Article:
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Mt. Simon Sandstone as a Carbon Sequestration Sink in the Illinois Basin

Hannes Leetaru, David G. Morse, Scott M. Frailey, and Robert Finley
Illinois State Geological Survey, Champaign, IL

The Cambrian age Mt. Simon Sandstone is a saline reservoir that underlies most of the Illinois Basin at depths from close to surface to over 16,000 feet. It is overlain by shales of the Cambrian age Eau Claire Formation and is underlain by Precambrian granites. The Mt. Simon reservoir sandstone has porosities up to 14 percent and permeabilities of over 100 mD. Mt. Simon gas storage fields indicate that the Eau Claire is an effective seal for gas containment.

The upper 200 feet of the Mt. Simon is composed of sandstone beds that are commonly no more than 20 feet thick and separated from each other by thin zones of discontinuous shale or low permeability siltstone. Three-dimensional reservoir modeling of the upper Mt. Simon demonstrates the lack of laterally extensive correlative shale barriers that would vertically compartmentalize the reservoir; instead the shales behave as baffles that impede but do not stop reservoir communication. Wireline logs suggest that below the upper Mt. Simon there are additional porous reservoir sandstones with potentially stacked reservoir strata 100's of feet thick. Although the Mt. Simon is over 2000 feet thick in the central part of the basin, seismic reflection data and well logs suggests that it is thin or absent over local Precambrian paleo-highs near the edge of the basin.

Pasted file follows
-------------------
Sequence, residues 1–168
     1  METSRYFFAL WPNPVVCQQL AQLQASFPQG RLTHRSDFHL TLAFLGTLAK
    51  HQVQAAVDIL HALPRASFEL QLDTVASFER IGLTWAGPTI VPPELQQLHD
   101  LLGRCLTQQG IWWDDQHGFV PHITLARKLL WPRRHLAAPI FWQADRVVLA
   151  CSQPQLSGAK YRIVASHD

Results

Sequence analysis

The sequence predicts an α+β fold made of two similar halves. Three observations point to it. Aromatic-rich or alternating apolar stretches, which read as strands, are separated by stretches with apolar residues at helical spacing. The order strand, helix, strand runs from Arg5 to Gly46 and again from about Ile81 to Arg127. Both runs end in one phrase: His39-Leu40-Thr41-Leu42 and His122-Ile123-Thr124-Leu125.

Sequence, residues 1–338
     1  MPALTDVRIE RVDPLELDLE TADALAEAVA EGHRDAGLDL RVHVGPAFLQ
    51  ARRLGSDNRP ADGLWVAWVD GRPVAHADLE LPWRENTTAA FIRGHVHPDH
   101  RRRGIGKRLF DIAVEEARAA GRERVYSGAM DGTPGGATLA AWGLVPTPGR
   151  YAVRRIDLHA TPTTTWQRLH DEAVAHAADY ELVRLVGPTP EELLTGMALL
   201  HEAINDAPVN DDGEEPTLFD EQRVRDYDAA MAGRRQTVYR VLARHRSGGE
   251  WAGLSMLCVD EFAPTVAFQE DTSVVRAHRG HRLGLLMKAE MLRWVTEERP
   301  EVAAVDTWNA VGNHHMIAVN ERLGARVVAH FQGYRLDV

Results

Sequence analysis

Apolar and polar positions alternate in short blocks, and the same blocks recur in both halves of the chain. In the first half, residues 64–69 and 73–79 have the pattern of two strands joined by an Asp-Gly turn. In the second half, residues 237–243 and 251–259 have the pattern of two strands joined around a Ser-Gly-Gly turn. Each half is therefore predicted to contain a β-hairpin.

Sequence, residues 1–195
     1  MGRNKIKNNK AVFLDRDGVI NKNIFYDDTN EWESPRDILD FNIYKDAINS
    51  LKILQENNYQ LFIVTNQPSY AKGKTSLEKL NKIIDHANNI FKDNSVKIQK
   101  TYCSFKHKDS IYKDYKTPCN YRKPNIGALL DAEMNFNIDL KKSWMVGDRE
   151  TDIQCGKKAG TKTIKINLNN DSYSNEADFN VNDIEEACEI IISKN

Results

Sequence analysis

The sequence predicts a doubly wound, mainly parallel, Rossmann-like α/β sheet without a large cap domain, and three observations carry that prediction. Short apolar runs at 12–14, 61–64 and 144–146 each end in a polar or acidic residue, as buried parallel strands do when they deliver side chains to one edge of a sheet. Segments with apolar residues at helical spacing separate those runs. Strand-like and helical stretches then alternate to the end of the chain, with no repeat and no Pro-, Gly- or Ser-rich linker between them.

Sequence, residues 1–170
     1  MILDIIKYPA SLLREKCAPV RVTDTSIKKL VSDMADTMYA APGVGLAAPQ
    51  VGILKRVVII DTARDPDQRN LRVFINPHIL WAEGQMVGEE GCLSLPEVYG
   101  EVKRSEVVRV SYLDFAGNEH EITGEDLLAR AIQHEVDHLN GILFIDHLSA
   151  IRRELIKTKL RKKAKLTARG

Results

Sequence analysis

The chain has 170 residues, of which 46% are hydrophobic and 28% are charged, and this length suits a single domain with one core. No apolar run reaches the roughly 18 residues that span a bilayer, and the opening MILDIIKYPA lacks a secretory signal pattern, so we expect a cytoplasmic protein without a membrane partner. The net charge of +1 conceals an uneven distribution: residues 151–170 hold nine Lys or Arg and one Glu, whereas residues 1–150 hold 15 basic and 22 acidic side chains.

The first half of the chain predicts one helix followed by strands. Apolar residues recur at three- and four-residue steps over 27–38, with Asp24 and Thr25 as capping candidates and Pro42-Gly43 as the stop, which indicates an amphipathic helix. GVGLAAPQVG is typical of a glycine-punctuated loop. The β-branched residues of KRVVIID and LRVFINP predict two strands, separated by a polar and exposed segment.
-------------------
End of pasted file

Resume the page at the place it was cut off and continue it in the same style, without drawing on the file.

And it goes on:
The long history (almost 50 years) of successful natural gas storage in the Mt. Simon indicates that this saline reservoir could provide successful containment for carbon dioxide sequestration and that further detailed evaluation is warranted.

AAPG Search and Discovery Article #90039©2005 AAPG Calgary, Alberta, June 16-19, 2005